The committee heard testimony from college and university interests about problematic drinking by students on and around college campuses. Drinking, they said, that contributes to health, safety, and education issues.
Lawmakers also heard testimony on a bill sponsored by Sen. Mike Padden, R-Spokane Valley. SB 5023 would allow for college DUI courts. Currently, county or municipal courts handle college and university students charged with DUI. If passed, the bill would allow counties to establish and operate special DUI courts specifically to deal with students. The bill would also allow municipalities to enter into cooperative agreements with counties to provide those DUI court services.
Don Pierce, executive director of the Washington Association of Sheriffs and Police Chiefs, came to speak about the bill. He said that while student drinking may be a problem, the drinking is often off-campus and college-age drinkers may be more responsible about drinking and driving than other drivers. He also said that, at least anecdotally, he believes that students stopped for DUI are typically worried less about the legal ramifications from the infraction, and more worried about if their parents or school will find out.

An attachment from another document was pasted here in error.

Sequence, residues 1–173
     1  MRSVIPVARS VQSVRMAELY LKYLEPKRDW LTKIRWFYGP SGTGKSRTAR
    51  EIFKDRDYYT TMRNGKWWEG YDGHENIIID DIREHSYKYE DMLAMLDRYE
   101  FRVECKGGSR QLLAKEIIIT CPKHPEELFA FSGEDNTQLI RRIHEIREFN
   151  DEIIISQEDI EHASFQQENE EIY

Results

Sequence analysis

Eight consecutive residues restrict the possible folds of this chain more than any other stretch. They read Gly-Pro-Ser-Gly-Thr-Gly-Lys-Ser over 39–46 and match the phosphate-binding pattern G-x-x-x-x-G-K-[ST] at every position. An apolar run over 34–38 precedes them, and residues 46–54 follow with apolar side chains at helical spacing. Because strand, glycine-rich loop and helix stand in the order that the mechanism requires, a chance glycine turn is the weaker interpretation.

Sen. Pam Roach, R-Auburn, said she was glad to hear Pierce talk about parents.
Parents are the ones that have the greatest amount of impact, Roach said. I really think itd be nice to have maybe some of these education establishments and someone with your incredible experience to sit down and see what you can do to somehow find a way, little niche here or there, that parents will be notified.
Sen. Jeannie Darneille, D-Tacoma, had concerns with the bill.
Were really talking here about a court on a college campus that includes potential sanctions that involve a benefit or a purchased entity that that student may make on that campus. I am extremely worried about that concept.
The bill allows for colleges to impose sanctions including, but not limited to, withholding a students diploma until they have successfully completed a college DUI court.
Olympia citizen activist Arthur West had his own concerns about the bill. He called the bill paternalistic and said that the bill is classist. He also said that a college DUI court using big brother tactics was not the way to deal with a culture problem.
I dont think granting special privileges and immunities to a favored class that of college students is a constitutionally viable means either.